CAMPUS PLACEMENTS: A DATING EXPERIENCE?

Most of us college students have some knowledge and/or experience about what it is like to sit for the campus recruitment process.  Campus selection processes conducted by most companies have various rounds (such as aptitude, group discussions, analytical writing, technical & HR interviews and so on) by which they eliminate students and narrow down the list of suitable candidates. Some say it is a stressful process – it can either build or destroy our confidence.  Others say it is like cake walk – you can easily land the job as long as you have the calibre. There is some truth in both opinions. I say the whole recruitment process is comparable to dating. I will explain how, while simultaneously helping you improve your dating life. 😉

The first couple of rounds…

The first few rounds are like your first dates with the company. On your first dates, you ought to make a good first impression as this will have a big impact on the near future. You have to make yourself seem like a worthy candidate by showcasing your strengths whenever you can. You absolutely must NOT make any false claims as this will definitely be brought to light in the later stages and you will simply end up embarrassing yourself. Only make statements that you can prove with examples. For instance, if you say you have leadership qualities, tell them about your experiences as the team leader of a project that you worked on earlier. Also, avoid being ambiguous. This is the time when the company will assess what talents or skills you possess and how this can be beneficial to them. So, be clear about your goals, talents and intentions.

If you get rejected after your first date, don’t worry. You now have an idea where you stand, and should work on the areas you feel could use some improvement or changes. Avoid repeating these mistakes on prospective first dates.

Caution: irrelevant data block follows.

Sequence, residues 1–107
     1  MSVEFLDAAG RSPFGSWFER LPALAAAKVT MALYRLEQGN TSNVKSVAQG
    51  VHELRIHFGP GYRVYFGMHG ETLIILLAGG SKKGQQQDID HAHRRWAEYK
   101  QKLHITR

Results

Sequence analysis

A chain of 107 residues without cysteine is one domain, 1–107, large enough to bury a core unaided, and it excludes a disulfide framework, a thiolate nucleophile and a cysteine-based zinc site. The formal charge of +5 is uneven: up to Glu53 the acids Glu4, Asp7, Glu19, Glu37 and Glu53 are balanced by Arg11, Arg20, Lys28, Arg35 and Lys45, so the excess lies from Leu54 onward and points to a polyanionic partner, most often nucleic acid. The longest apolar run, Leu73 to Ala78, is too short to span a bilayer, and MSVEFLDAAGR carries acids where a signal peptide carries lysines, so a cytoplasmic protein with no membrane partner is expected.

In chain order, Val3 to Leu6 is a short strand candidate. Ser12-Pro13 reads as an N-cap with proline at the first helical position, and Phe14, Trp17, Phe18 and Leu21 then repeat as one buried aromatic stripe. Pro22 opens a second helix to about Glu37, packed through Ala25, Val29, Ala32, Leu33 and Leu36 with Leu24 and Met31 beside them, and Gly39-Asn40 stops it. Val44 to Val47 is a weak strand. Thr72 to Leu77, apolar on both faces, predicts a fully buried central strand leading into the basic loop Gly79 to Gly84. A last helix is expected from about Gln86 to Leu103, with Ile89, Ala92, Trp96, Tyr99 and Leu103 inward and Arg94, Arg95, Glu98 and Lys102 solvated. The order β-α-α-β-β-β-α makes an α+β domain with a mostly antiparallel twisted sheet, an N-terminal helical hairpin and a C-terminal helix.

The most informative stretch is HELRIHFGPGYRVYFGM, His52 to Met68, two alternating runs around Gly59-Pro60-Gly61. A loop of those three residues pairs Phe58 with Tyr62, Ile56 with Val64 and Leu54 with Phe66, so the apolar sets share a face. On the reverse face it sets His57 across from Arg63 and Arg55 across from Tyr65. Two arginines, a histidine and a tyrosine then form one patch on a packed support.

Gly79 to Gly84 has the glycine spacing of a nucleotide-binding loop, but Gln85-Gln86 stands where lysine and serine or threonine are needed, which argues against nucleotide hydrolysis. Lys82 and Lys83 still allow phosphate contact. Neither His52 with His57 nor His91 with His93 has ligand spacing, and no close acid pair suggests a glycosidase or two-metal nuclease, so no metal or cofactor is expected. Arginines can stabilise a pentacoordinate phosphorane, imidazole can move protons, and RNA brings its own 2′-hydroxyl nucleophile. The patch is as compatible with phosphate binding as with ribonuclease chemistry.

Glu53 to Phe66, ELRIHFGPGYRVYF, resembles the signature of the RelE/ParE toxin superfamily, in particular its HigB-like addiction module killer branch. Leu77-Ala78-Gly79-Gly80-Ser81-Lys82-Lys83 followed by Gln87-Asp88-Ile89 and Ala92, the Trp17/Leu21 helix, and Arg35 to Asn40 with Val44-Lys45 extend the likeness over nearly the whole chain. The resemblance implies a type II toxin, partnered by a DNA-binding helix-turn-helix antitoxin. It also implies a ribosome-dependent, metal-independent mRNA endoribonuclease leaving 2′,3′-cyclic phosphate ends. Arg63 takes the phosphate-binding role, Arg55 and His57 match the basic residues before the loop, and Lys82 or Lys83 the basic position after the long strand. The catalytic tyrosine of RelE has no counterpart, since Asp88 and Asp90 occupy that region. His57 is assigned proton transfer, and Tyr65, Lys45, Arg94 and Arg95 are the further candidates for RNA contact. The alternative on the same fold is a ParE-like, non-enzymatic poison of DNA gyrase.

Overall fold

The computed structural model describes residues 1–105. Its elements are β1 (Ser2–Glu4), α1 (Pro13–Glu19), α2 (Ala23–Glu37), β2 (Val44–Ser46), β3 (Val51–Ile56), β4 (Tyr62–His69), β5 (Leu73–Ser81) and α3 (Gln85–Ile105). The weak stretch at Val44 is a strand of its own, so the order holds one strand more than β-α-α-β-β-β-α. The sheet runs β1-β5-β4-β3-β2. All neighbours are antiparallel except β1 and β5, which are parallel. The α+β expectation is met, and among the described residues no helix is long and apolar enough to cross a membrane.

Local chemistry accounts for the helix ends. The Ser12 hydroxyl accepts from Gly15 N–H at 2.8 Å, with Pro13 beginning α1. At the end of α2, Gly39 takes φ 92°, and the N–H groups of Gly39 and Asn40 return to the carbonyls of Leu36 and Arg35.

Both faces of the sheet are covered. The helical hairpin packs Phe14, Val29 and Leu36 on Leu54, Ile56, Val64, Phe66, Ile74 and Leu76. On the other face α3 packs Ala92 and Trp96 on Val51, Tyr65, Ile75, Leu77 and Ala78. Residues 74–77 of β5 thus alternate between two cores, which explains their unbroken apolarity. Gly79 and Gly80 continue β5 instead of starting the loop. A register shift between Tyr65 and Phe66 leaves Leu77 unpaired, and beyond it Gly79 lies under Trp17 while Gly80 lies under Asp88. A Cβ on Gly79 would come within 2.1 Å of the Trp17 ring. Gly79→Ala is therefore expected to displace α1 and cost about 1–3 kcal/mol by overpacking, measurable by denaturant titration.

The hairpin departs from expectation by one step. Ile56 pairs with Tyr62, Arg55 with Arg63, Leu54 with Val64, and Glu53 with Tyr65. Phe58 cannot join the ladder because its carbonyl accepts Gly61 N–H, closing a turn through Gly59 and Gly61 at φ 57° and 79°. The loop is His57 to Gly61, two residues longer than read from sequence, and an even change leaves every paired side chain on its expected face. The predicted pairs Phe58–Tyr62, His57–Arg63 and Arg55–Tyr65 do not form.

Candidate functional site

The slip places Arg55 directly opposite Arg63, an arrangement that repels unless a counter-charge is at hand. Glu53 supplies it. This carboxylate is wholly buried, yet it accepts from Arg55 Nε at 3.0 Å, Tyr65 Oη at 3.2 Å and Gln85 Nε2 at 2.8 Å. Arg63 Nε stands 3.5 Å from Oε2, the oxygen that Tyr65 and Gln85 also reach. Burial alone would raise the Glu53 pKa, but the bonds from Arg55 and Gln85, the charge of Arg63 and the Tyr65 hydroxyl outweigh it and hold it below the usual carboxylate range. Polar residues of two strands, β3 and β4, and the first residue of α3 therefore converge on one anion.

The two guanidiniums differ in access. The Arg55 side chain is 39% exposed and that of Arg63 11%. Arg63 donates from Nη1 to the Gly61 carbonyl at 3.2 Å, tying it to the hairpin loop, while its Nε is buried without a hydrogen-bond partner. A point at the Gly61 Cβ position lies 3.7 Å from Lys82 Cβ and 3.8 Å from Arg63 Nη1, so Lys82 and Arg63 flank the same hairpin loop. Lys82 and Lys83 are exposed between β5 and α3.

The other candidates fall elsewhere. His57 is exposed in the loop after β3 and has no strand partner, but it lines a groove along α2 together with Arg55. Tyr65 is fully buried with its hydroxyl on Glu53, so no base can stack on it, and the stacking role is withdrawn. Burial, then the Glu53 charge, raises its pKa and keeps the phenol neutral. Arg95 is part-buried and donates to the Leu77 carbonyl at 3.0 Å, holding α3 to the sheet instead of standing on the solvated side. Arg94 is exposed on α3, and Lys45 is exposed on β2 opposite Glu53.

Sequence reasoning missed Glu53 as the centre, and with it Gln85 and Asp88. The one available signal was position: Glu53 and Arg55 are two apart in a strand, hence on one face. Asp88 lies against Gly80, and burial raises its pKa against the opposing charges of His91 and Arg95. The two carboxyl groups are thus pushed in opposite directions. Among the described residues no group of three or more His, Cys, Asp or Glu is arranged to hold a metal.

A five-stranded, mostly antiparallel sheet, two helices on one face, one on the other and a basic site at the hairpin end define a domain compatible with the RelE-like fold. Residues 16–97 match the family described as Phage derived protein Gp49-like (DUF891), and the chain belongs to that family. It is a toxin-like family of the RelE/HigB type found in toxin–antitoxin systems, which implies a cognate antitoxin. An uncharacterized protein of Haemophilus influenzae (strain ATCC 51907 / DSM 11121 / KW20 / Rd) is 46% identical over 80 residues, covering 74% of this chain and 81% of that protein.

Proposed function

The last few rounds…

After crossing the initial hurdle, you are more or less in an uncommitted relationship with the company. You have cleared the first 1-2 rounds, and are entering the last few rounds. Very few make it up to this phase, and you will notice that for yourself by seeing the number of students sitting with you. Many students commit the mistake of exhibiting overconfidence at this stage. You must avoid doing so as this may come across as a display of attitude or negligence. At this stage, you should work even harder to convince them that you are worth hiring right away. A little modesty and humility can go a long way. You must nurture the relationship that you are building and handle it as delicately as possible as this stage is where they assess how serious you are about joining the company, your preferences (if any) about timings & place of work and of course your level of commitment to any given task.

The final round…

The final round is comparable to a marriage proposal. As the company receives proposals from a lot of people, they will select only the best of the lot. As people who have reached this stage are ones who really want to be a part of the organisation, getting rejected can be an emotionally tormenting experience. One must simply acknowledge the fact that this is not the end of the world. There are numerous other companies that you can apply for. If it does not work out with one company, so be it. Perhaps there is a better opportunity for you out there, one that will give you a better, long-lasting andrelationship. However, if getting placed in this company is what makes you happy, then make an effort to improve on your weak areas, and try again later. Perhaps they were looking for something more before they commit to you. Find out what that may be and work on that. Just remember to never give up or lose hope on yourself. There will always be room for self-improvement, but no room for self-pity. So, lift yourself up, dust yourself off and keep racing towards your finish line!

Once you get placed…

Congratulations! You are now officially married to the company. Like any successful marriage, it takes a lot of effort to maintain a strong cordial relationship. If you feel dissatisfied with the company, you may apply for divorce, i.e. resign at any point of time. Some companies may ask you to pay a heavy price for this, so please do some research about these things before applying for the job. The reverse is also true – the company is free to divorce, i.e. fire you at any point if they find that your contribution towards the company is not satisfactory.

So, there you have it…

Securing a job at a company is exactly like any relationship. It works out best if you are truly in love with the company, work hard to maintain the relationship  and get them to love you back just as much. 🙂

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